I was re-reading a Taken In Hand topic, How badly I want this; how difficult it is to ask for it. The topic talks about things that women find it impossible to say to their husbands and lovers.
Elle and I developed a partial solution that worked for us. Maybe it—or something like it—might work for other couples.
About fifteen years ago, I bought two sets of blank, half-sized stationery with envelopes: one red set, the other blue. They were the kind of note-paper that one would use to write thank-you notes or short letters to friends or family.
I gave the red set to Elle and kept the blue for myself. I asked her to use her set to write notes to me and leave them where I would find them, perhaps not right away. I told her I would do the same with the blue ones.
My original intent was for us to write love letters to each other and say things that are difficult to say on the spur of the moment. Writing it in a note would give us time to say it exactly the way we wanted to.
To be honest, I really was wanting to have a way of being romantic and sappy and sentimental, without having to say things face to face. I figured that if she had her own set to write notes to me, it would make it easier for me to get up the courage.
She added an idea to it. She suggested that we not talk about anything that we wrote in the notes. No, "I loved the note you left me," or "Did you really mean that?" I think she sensed my true purpose and wanted to give me the freedom to be as expressive as I wanted to be.
We started leaving red and blue envelopes in dresser drawers, stacks of towels, coat pockets, and other places that get checked occasionally rather than every day. One fun thing about it was that a note might not be received for days or even weeks.
In fact, sometimes I would check to see if she if a particular note was still in its place, so I would know if she had read it.
What resulted was more than we originally intended. Yes, we wrote love notes to each other, but she also started writing about things that she wanted to do, or have me do, that she couldn't ask for.
Sometimes her wants and desires were intimate and sexual—or even downright lurid and pornographic. ("I like it when you hold me down and XXXX. Just make sure I can breathe," or "What you did last night—XXXX—was nice. Next time do it harder.")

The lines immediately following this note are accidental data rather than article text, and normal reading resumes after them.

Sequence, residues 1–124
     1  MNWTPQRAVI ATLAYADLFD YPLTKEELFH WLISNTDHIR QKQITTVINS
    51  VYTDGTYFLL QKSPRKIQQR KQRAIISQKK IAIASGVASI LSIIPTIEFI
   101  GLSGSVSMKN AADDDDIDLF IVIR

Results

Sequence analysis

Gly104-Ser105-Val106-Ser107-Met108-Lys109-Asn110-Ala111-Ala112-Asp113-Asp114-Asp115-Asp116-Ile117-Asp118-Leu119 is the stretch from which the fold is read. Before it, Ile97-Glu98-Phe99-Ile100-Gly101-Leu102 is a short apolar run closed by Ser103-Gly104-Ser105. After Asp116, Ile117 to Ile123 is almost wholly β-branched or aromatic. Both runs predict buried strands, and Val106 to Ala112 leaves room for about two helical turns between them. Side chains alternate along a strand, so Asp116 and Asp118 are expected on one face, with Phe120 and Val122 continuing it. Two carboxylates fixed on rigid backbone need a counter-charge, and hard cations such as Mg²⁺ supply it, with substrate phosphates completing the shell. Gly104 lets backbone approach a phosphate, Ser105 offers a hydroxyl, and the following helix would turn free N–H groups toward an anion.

Other times, she asked for things that she felt were selfish, but that she knew I wouldn't mind doing. She even wrote, "I want a new car. A Jeep. A red one. One that I can take the top off and feel the wind in my hair." (A few weeks later, I decided she needed to buy a four-wheel-drive car so she could get around better in the winter. It was a jeep with a removable top so we would have a convertible for the summer too.)
Occasionally, she told me things that I needed to hear, but didn't want to hear. More often, though, she used her notes to say things that she couldn't say, things that "women just don't say".
We don't write notes like that too much anymore. We've since found other ways of saying things to each other, but it was an important step in our relationship that helped us open up to each other.
I'm not sure if this would work for a woman who wanted to tell her husband that she wanted to be Taken in Hand. Some women would still find it too direct if they had to address something directly to their husbands.
But... a more indirect approach might be to keep a diary and let her husband know that it's OK for him to read it—so long as he never discusses it with her and always puts it back right where he found it so she doesn't know that he read it (because she would absolutely die if she knew he was reading that very personal stuff!)
A diary has the advantage of being a third-person. A woman can write in a diary as if she were writing to a female confidant and talk about her husband as if he weren't listening. ("You wouldn't believe what my husband let me get away with yesterday. I think he's afraid of hurting my feelings or something. If he only knew what I would do for him if he just put his foot down and insisted on it...").
The particular form or method can be whatever works for her and him. The key is that women often need to say things indirectly. Writing it down—rather than saying it out-loud—means that she can keep it at arms-length. She can have some deniability.
If that's not indirect enough, there's always the possibility of using someone else's words. Maybe a character in a novel said something that rings true. If a copy of that novel happened to end up on his nightstand, with a bookmark and some text highlighted in it, well she didn't say it, some character in a book said it.
In many relationships between men and women, the man's need for direct, straightforward communication conflicts with the woman's need to be indirect—to not be too forward. Instead of speaking face to face and being cryptic, it might work better to speak clearly, but have some insulation so that the message is delivered at a time when she isn't aware of it.
That way, the indirect and the direct can meet halfway.